British actor James Corden stars in the National Theater's "One… (Carolyn Cole, Los Angeles…)
NEW YORK — James Corden is in the throes of a New York moment. He's in a hit Broadway show, the London import "One Man, Two Guvnors," and though he's been down this road before with "The History Boys," a more high-minded British comedy that became a smash on the Great White Way, this time he's the star and all eyes are on this generously proportioned funnyman — a cherub posing as Puck, or is it the other way around?
Part of the secret of Corden's comic gift is that he combines innocence so naturally with mischief. Although he's 33, his face is that of an adolescent boy who has just discovered beer, Internet porn and some new flavor of potato chip.
Throughout Richard Bean's Benny Hill-ified treatment of Carlo Goldoni's commedia dell'arte masterwork "The Servant of Two Masters," Corden lets us see the glint of lust in Francis' eye as a piping hot plate of food or perfumed beauty passes his way. Like Oscar Wilde, the character can resist anything except temptation, and Corden seems more than happy to follow his every gluttonous whim.
His schedule crammed to the breaking point, Corden and I are riding in a hired car that's shuttling us from the CUNY-TV studio — where Corden, Bean and "One Man, Two Guvnors" director Nicholas Hytner had just sat down with Michael Riedel and Susan Haskins of "Theater Talk" — to the temporary New York home near Lincoln Center he shares with his girlfriend, Julia Carey, and 1-year-old son.
It's the same building in which I interviewed Richard Griffiths when he was starring in "The History Boys." Although Corden was in that production — he was the chubby boy, a designation that doesn't seem to bother him in the least — his accommodations weren't as luxurious. All that has changed now that it's his name perched above the title.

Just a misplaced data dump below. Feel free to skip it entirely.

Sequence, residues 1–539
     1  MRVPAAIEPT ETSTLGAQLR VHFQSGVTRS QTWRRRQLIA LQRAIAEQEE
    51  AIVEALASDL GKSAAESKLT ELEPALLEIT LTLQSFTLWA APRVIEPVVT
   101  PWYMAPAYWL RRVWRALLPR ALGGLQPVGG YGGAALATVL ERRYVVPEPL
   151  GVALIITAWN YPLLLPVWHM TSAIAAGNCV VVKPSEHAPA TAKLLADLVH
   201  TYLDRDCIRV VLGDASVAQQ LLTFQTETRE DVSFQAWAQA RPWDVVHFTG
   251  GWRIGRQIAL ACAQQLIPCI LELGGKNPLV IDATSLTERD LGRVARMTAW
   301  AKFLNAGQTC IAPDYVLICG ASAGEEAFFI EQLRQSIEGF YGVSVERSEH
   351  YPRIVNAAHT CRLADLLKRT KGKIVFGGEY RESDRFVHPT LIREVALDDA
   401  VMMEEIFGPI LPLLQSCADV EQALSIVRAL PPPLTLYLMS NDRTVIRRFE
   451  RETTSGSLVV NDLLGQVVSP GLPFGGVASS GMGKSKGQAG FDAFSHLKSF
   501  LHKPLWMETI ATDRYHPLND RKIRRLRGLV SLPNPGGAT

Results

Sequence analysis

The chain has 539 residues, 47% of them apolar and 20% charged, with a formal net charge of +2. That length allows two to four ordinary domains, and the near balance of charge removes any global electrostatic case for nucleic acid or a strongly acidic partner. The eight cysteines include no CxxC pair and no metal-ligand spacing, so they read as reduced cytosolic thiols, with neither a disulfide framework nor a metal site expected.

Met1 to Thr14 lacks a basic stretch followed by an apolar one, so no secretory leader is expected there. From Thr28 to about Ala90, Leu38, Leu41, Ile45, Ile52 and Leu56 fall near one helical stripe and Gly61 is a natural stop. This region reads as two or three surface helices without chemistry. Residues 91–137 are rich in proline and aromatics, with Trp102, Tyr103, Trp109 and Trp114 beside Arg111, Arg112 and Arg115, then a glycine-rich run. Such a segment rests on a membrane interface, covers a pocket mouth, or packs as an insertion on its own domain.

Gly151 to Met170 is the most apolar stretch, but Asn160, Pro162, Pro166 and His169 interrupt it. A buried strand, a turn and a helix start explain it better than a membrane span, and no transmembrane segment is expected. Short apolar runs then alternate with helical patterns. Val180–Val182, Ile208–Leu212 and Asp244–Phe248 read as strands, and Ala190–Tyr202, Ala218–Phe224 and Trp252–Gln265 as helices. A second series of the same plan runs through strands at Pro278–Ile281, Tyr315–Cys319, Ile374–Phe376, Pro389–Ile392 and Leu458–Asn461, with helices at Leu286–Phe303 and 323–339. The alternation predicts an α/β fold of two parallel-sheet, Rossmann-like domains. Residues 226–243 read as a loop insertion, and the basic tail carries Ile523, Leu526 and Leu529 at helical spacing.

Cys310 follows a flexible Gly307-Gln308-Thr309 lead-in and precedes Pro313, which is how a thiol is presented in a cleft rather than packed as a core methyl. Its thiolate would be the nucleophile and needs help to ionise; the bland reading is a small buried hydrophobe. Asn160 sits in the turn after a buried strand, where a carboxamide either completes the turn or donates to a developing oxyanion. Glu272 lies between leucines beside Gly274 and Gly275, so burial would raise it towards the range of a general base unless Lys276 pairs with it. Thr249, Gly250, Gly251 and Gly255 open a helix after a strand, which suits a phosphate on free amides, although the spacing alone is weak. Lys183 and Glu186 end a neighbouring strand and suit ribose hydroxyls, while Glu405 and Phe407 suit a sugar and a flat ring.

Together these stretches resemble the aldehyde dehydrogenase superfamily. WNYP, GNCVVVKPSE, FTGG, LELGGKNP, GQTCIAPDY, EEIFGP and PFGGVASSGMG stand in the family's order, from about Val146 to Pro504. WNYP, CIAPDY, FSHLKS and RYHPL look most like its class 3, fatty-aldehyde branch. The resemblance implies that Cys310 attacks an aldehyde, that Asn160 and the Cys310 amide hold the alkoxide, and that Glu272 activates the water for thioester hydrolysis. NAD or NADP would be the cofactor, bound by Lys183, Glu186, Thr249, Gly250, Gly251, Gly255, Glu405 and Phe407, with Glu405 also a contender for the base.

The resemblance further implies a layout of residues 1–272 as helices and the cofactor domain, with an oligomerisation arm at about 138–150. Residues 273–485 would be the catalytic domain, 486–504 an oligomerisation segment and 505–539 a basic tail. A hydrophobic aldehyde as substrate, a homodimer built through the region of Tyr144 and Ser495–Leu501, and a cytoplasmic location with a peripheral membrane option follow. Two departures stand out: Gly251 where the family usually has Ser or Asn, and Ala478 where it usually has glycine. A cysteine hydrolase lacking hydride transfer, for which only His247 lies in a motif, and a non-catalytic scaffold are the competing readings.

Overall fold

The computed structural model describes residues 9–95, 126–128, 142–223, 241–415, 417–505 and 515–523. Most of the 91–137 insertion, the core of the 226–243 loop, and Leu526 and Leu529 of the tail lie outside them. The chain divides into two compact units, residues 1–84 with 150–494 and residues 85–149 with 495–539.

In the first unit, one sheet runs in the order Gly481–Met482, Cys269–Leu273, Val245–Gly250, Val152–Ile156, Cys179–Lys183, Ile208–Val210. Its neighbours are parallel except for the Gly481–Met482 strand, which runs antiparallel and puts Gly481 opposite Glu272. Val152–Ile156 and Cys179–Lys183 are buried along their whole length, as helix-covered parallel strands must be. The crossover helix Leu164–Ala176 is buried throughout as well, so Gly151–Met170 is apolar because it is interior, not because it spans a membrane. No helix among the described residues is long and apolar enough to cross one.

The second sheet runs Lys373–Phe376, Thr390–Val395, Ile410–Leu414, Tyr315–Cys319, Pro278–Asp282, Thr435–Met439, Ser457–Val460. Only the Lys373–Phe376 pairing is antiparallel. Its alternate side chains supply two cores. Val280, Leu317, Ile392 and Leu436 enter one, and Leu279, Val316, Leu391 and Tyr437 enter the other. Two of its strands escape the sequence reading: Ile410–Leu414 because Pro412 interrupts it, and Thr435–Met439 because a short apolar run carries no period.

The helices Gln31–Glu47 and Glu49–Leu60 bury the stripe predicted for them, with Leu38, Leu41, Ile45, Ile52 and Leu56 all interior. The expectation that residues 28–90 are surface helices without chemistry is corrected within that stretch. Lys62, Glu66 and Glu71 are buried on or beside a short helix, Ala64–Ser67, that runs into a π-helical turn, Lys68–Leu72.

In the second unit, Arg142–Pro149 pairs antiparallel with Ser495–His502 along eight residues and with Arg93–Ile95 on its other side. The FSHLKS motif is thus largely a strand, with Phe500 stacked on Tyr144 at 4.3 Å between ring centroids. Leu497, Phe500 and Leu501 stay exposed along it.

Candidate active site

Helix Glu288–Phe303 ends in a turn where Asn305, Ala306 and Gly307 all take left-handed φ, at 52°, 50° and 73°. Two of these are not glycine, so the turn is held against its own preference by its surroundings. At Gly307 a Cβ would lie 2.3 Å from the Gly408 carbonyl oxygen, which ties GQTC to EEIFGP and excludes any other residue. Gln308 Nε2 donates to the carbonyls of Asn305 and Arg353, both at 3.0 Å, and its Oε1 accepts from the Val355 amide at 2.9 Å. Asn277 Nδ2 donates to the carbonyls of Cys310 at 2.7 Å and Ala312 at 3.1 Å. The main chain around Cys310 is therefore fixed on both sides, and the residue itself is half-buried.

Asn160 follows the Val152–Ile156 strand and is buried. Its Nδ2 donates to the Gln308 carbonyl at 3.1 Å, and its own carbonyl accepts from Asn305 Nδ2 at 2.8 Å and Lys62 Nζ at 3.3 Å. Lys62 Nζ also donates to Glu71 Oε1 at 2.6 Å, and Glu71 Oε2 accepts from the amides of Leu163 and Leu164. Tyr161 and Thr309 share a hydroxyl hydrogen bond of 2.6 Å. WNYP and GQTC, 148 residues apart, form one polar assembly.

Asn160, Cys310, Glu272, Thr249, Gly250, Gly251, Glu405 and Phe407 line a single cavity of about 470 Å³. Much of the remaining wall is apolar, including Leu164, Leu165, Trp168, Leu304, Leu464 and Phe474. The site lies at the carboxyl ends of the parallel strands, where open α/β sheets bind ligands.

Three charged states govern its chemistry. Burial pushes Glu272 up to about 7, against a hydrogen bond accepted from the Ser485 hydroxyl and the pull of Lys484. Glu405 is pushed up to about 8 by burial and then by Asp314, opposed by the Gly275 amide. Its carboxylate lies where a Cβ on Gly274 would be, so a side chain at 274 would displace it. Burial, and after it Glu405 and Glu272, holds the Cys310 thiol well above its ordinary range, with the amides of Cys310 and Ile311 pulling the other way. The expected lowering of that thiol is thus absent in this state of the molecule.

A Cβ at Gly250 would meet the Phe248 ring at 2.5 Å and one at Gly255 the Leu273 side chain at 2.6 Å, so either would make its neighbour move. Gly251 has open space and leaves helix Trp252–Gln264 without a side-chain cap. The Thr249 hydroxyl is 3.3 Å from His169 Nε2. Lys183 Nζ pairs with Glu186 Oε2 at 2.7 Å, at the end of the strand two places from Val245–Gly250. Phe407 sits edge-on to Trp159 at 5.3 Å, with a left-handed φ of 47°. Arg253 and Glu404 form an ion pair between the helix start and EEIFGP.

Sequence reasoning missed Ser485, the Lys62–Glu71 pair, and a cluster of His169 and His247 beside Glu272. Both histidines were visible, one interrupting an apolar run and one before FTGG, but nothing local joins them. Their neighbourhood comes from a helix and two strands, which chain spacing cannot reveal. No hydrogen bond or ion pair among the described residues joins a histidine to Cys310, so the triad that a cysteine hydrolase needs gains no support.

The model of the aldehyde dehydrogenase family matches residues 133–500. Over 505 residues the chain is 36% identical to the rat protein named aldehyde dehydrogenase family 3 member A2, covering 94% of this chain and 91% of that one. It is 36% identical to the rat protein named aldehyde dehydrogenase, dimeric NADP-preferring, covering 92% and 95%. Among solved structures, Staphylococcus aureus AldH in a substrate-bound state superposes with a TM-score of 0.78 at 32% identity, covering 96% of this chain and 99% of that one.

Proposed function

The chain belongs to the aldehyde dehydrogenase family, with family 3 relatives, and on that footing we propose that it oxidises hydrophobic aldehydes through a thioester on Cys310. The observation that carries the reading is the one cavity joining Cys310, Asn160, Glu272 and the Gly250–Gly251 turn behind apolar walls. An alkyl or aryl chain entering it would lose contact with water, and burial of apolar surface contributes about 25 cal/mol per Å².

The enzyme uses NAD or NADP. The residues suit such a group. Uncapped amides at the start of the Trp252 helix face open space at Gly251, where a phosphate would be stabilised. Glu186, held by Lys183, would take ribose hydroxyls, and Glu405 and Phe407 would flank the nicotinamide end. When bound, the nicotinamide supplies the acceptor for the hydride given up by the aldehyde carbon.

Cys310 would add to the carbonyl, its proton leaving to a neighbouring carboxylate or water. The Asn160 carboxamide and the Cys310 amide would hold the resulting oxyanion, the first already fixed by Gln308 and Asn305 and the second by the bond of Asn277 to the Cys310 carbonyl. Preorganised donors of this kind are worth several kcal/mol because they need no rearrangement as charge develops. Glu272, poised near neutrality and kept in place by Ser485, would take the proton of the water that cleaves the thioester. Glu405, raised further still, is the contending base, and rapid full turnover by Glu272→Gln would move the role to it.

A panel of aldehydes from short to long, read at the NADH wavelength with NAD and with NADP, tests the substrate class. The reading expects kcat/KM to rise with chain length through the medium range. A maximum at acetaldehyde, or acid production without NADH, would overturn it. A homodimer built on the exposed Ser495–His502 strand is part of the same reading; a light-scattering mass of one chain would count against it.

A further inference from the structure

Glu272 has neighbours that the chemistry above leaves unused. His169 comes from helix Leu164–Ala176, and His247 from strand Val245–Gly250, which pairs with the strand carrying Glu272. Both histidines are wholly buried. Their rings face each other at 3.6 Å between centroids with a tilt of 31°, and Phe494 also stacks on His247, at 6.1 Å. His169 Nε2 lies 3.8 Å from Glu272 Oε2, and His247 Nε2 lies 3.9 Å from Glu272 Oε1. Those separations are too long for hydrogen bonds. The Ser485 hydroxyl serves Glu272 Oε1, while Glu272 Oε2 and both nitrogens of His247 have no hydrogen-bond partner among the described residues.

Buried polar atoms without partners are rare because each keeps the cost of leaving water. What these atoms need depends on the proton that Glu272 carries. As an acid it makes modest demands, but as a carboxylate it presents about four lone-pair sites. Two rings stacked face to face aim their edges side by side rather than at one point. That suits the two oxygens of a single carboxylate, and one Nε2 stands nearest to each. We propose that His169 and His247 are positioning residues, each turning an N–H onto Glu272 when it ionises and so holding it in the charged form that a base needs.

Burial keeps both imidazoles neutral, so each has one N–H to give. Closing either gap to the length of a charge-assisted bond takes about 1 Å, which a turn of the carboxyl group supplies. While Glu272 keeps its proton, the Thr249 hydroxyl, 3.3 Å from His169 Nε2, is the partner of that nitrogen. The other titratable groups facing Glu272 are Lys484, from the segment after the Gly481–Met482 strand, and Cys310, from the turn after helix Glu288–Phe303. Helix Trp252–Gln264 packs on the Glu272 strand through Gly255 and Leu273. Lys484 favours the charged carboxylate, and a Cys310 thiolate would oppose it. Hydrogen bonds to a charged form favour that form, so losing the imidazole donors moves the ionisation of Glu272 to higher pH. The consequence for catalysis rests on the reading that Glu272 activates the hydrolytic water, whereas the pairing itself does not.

Recently crowned Broadway's new king of comedy, Corden can't stop yawning. He's rushing home so he can catch a little shut-eye before tonight's show, one of eight exhausting pratfall-filled performances he delivers each week. But he's nonetheless wired from all the fanfare for a performance that has some veteran theatergoers invoking comparisons to Zero Mostel and Bert Lahr.
"I'm from the smallest town outside London," he says. "This really shouldn't be happening to anyone from my town."
Mostly, however, he's relieved that the New York critics were as tickled by the show as their London counterparts. Not everyone was so sure that the humor would survive the transatlantic crossing. Britain and America, after all, are countries separated as much by a common language as by a common punch line.
"Before we came out here I said to friends of mine, 'We'll know within an hour whether we're staying for five months or we're going home.' Within an hour, I just thought, 'Oh, my God. This is, if anything, bigger. This is louder than it was at home.'"
The laughter in the house is certainly the most uproarious I've heard in the theater since Nathan Lane and Matthew Broderick were volleying Mel Brooks' shtick back and forth in "The Producers." There's one bit in which Corden wrestles (unsuccessfully) to pick up a giant trunk that, to go by the violent guffawing of grown men around me, seems more hernia-inducing for the audience than it is for Francis. Who knew respectable, well-heeled theatergoers of a certain age could be so riotous?
Corden has all the makings of a great clown. Everything about him is outsized, yet he's as light on his toes as any dancer. The conspiratorial smile that curves along his fleshy Everyman face extends an invitation for others to let their ids hang out along with his.
Perhaps the most striking feature of his comedy is that he never appears to be doing a routine. No matter how ludicrous the situation, he views the action from the heart and mind of his character. Gags, even the one that involves a wrestling match with himself, are humanized. And he handles the audience participation bits (how much of which are scripted is a question he won't answer) with all the cheeky self-assurance of a seasoned stand-up comic.
"I don't consider myself a comedian," he says matter of factly. "I consider myself an actor who presently is in a comedy. Comedy is clearly something I enjoy hugely, but by the same token, there are other things I feel I'm capable of and would like to do."
Corden has done quite a lot already, and though at the moment he can still walk the streets of New York without too much attention, in Britain he's a huge star, thanks largely to the BBC sitcom "Gavin & Stacey," which he co-wrote with fellow actor Ruth Jones, who, like him, had a key sidekick role. (The series ended in 2010, but Corden says that the cast may return for specials.)